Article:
The Road Surface Treatments Association (RSTA) has welcomed proposals to provide local residents with more powers to veto or approve plans that affect their communities, but warns that when it comes to the issue of potholes the government should be careful of what it wishes for.
The proposals form part of the new Civic Society Strategy launched by the Department for Digital, Culture, Media and Sport. It calls for an ‘Innovation in Democracy’ pilot scheme in six regions across the country. This will trial creative ways for people to take a more direct role in decisions that affect their local area. This could include Citizens’ Juries or mass participation in decision-making on community issues via an online poll or app. These issues could include approval of new housing developments, closure of libraries or spending more to fix potholes.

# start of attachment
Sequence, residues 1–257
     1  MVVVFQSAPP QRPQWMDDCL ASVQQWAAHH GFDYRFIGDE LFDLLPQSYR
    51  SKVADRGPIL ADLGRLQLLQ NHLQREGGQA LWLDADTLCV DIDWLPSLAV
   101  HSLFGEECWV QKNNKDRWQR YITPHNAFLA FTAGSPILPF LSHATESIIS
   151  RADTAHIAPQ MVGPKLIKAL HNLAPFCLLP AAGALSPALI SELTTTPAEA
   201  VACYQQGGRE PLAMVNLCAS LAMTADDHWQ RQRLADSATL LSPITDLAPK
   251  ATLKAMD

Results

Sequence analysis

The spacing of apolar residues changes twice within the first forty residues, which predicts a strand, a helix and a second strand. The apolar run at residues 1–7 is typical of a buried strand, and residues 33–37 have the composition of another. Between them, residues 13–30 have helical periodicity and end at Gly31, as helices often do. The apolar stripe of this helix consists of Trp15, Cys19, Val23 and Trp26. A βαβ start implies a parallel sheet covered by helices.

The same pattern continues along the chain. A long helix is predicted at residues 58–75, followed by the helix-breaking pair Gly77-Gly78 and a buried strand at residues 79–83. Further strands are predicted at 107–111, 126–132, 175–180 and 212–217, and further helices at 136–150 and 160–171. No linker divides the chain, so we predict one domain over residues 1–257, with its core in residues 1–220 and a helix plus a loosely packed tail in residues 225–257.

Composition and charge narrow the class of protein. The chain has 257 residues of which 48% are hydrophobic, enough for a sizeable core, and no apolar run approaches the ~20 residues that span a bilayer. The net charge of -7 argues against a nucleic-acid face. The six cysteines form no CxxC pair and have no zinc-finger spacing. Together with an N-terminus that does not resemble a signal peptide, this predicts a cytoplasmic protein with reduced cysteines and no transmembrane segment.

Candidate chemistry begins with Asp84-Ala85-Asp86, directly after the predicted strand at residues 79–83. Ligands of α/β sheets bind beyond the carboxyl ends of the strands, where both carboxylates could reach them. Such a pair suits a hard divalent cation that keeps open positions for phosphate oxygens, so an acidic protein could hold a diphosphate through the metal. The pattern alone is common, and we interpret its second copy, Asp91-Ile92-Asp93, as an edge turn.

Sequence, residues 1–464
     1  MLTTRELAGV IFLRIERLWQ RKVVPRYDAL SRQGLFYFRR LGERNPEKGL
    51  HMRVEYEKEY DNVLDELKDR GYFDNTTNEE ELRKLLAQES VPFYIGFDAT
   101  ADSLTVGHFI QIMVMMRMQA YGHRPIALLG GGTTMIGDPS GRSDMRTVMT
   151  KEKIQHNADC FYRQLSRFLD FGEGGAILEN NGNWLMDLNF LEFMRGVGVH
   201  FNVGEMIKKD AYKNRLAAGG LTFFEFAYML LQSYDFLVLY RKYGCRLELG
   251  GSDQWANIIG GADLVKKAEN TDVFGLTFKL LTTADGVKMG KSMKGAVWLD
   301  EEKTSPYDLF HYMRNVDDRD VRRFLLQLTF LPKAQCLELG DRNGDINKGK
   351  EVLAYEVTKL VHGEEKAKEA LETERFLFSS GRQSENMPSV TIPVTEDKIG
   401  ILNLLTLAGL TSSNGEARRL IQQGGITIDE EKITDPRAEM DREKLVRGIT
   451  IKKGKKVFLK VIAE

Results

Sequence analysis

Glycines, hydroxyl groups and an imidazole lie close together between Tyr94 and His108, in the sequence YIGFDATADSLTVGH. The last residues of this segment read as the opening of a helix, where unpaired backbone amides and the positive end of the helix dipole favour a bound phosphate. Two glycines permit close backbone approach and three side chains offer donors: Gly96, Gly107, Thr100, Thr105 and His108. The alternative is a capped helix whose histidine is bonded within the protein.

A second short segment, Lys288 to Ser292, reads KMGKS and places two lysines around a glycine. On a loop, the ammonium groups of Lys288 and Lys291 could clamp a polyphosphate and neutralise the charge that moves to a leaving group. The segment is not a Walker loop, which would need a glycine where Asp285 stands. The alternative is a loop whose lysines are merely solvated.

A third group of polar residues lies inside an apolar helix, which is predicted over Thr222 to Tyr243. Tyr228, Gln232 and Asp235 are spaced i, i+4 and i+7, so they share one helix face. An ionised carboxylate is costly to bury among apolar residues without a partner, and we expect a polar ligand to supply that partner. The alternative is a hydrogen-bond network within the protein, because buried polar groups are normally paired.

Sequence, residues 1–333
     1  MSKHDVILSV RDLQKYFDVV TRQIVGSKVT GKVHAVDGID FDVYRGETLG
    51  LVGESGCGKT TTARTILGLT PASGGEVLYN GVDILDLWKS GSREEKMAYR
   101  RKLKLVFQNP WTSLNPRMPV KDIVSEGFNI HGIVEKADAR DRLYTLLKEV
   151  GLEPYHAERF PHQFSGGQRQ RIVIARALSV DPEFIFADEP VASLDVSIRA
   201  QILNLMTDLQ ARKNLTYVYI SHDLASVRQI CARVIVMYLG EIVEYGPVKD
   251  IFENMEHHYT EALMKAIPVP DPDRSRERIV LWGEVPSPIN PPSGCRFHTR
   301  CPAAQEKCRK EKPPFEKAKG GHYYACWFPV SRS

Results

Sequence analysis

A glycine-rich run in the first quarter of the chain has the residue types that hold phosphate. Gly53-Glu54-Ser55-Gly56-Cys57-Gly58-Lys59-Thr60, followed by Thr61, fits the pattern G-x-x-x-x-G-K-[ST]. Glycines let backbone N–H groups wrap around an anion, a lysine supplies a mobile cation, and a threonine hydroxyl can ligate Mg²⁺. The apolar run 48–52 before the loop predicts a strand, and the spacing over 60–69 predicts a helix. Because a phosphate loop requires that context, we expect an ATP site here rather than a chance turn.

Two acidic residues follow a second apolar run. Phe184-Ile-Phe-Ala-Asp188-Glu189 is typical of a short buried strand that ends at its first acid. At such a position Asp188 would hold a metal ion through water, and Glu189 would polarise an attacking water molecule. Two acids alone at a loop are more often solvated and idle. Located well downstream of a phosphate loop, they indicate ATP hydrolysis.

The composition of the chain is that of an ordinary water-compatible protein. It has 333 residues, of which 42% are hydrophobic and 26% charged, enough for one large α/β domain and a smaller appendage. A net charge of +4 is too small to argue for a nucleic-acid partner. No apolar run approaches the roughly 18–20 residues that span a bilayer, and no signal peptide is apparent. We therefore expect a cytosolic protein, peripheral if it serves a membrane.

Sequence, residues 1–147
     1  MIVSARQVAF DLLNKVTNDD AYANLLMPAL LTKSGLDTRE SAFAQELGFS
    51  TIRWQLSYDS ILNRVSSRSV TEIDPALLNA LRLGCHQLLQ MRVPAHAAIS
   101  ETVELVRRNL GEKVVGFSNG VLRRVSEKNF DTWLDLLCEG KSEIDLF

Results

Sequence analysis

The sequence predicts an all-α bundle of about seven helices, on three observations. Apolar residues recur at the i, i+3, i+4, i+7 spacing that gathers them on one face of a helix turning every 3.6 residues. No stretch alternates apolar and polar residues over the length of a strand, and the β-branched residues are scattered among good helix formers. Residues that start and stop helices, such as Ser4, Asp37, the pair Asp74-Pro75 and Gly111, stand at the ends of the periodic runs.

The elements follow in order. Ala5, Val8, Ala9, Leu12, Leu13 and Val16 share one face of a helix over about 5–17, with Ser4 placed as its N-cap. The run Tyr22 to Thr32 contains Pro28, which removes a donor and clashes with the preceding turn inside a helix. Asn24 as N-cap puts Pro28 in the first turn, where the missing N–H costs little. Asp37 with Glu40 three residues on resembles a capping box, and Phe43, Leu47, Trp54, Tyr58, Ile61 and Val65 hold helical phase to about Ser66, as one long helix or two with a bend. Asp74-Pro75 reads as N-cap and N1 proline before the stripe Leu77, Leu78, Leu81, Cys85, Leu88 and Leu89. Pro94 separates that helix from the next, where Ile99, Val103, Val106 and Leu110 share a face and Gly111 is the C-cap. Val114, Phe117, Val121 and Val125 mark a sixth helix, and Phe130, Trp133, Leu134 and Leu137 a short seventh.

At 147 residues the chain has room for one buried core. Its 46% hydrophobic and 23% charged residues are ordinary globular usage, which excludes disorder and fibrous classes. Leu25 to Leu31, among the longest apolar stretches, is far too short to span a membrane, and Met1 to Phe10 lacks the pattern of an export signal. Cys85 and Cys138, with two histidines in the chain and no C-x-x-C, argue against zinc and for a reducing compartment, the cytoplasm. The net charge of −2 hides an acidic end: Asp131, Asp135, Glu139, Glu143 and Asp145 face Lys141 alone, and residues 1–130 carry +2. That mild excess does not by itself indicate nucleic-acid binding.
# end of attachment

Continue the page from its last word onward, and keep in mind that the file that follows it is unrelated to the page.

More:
“Throughout the UK local residents are already very vocal via social and local media about the poor state of repair of their roads. The government should be careful that formalising these concerns via local authority polls would underline the extent of the lack of road maintenance funding provided to local highway authorities”, said Howard Robinson, RSTA Chief Executive.
He continued: “Increased community involvement is to be welcomed but to be meaningful it must be supported by the necessary funding. Voters would be further disenchanted if poll findings for greater investment in local roads was met with ‘ah yes but we don’t have the budget’.”